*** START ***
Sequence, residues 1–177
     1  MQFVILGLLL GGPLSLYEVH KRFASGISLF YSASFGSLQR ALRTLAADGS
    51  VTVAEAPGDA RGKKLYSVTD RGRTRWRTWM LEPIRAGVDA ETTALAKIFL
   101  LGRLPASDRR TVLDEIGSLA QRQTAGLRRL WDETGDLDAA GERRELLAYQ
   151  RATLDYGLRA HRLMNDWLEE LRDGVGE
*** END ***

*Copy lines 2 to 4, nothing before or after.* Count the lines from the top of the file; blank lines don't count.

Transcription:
     1  MQFVILGLLL GGPLSLYEVH KRFASGISLF YSASFGSLQR ALRTLAADGS
    51  VTVAEAPGDA RGKKLYSVTD RGRTRWRTWM LEPIRAGVDA ETTALAKIFL
   101  LGRLPASDRR TVLDEIGSLA QRQTAGLRRL WDETGDLDAA GERRELLAYQ